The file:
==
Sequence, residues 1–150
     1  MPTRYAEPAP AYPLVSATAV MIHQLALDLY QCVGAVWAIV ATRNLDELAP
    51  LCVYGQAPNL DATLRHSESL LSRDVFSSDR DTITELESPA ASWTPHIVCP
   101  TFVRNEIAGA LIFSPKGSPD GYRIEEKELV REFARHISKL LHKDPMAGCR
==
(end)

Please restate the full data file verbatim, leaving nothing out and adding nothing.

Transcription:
Sequence, residues 1–150
     1  MPTRYAEPAP AYPLVSATAV MIHQLALDLY QCVGAVWAIV ATRNLDELAP
    51  LCVYGQAPNL DATLRHSESL LSRDVFSSDR DTITELESPA ASWTPHIVCP
   101  TFVRNEIAGA LIFSPKGSPD GYRIEEKELV REFARHISKL LHKDPMAGCR